Indeed, it is equally possible that the gunman could have said: ‘That’s for you Mark, you are not so clever now.’

Another issue regarding reliability is that there is a further person named Mark who could have been possibly have been involved, who incidentally was Tony’s brother-in-law and is alleged to have worked with Tony selling drugs, though he was never mentioned in court.

The prosecution also alleged that Mark and his brother Tony worked together selling drugs. However, we have paperwork that refutes that and says police intelligence could find no evidence of Mark being involved in drugs at all. Furthermore, there was another man that was named and accepted in the trial as Tony’s partner in selling drugs.

The victim’s girlfriend also said in her statement that as far as she was aware the victim only worked for Tony. Evidence supporting this is that when the brothers were charged and their finances were checked: Tony owned a house, cars and a business; Mark only had £30 in the bank and was staying at his dad’s house.

The only other piece of alleged evidence they used against Mark was the fact that he made a call to the alleged shooter, W.C. that lasted roughly 9 minutes at 10 pm the night before the murder. This is not evidence that he conspired to have someone shot. This telephone call was the single item of evidence used to indicate that Mark arranged the murder; other than this call there were no other calls, not even to his brother.

There is so much wrong with this case. Too much to go into in one article. But there is no doubt that the evidence presented by the prosecution against Mark was seriously flawed.

We cannot comprehend how someone as unreliable as the cellmate K.A. was allowed to be used in court as a witness. Had Mark tried to use him in his defence he would, correctly, be viewed as an unreliable witness. Yet, he was allowed to be used by the prosecution to convict an innocent man for a minimum term of 30 years of imprisonment.

The cellmate was thrown off the CJPU (Criminal Justice Protection Unit) because he trashed a hotel room and committed an offence. He was also recalled back to prison for a violent assault. He lied to the Home Office regarding his identity. He was also proven to have told a lie in court when he said Mark had threatened him in the court cells and said: ‘You are a dead man walking.’ This was disproved by the cell officer who was called to court and stated that Mark and K.A. were brought in different doors and put in cells on opposite sides of the building so they could not have had any contact at all.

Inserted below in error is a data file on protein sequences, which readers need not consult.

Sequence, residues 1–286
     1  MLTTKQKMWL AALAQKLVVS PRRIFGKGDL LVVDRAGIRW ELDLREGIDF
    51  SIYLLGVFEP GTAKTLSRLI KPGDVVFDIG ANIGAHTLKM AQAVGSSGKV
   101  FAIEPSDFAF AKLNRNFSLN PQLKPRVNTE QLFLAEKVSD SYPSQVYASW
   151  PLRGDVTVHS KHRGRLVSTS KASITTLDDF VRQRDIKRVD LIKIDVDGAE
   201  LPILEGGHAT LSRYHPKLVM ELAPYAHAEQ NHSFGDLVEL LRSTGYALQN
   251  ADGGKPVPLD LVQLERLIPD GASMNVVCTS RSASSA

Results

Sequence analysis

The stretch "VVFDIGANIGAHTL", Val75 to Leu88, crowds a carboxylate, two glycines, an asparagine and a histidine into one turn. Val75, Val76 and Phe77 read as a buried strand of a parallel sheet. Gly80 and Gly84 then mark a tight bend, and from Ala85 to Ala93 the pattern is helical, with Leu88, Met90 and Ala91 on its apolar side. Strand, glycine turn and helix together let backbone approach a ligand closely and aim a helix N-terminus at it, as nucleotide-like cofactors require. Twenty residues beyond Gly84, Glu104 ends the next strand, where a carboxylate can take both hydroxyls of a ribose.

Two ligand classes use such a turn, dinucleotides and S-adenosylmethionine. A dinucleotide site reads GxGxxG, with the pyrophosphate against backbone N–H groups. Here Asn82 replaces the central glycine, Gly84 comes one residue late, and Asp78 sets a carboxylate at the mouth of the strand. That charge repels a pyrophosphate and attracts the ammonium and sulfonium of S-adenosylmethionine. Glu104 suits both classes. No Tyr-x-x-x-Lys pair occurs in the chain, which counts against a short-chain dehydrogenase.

Despite all of these factors which disprove K.A.’s allegations against Mark, as well as the fact that he stood to gain from his allegations, he was still classed as a credible and reliable prosecution witness against Mark. This is wholly unacceptable and undermines any notion of the presumption of innocence and the right to a fair trial, which are supposed to be fundamental values of the criminal justice system that should never be circumscribed.

We also believe Mark was poorly defended in court and may not have been given a fair trial. In particular, he was advised by his defence team not to testify in court because Tony and W.C. were giving so-called ‘cut-throat’ defences, meaning that they were each blaming the other.

Mark was also granted leave to appeal on a point where his defence had failed to properly cross-examine a witness. We believe as the other two were using cut-throat defences that Mark’s defence team should at the very least have asked for severance so Mark could have testified and received a fair hearing. Severance is when the defence ask for the defendant to be tried in a separate trial from other co-defendants so they get a fair hearing and are not prejudiced by others, which is especially important in a cut-throat defence trial.

Additionally, we have paperwork that shows the probation officer was not happy with the way the police were handling K.A.’s parole application. It transpires that K.A. had refused to co-operate until he got parole and mentioned inducements and hinted at inclusion of texts, letters or e-mails in any parole application. He said it could prove a problem. The police officer involved, D.C. Whellams, said: ‘I do not see it as a problem, I will be open and that as it stands, I do not have a witness for a murder trial. I would rather have to explain my actions than not have him as a witness in the trial.’

There were issues, too, with either refusal of disclosure of a lot of vital evidence that could have helped Mark’s defence team, such as whether K.A. had been a previous informant, and very late disclosure of evidence, which made it impossible for it to be used appropriately.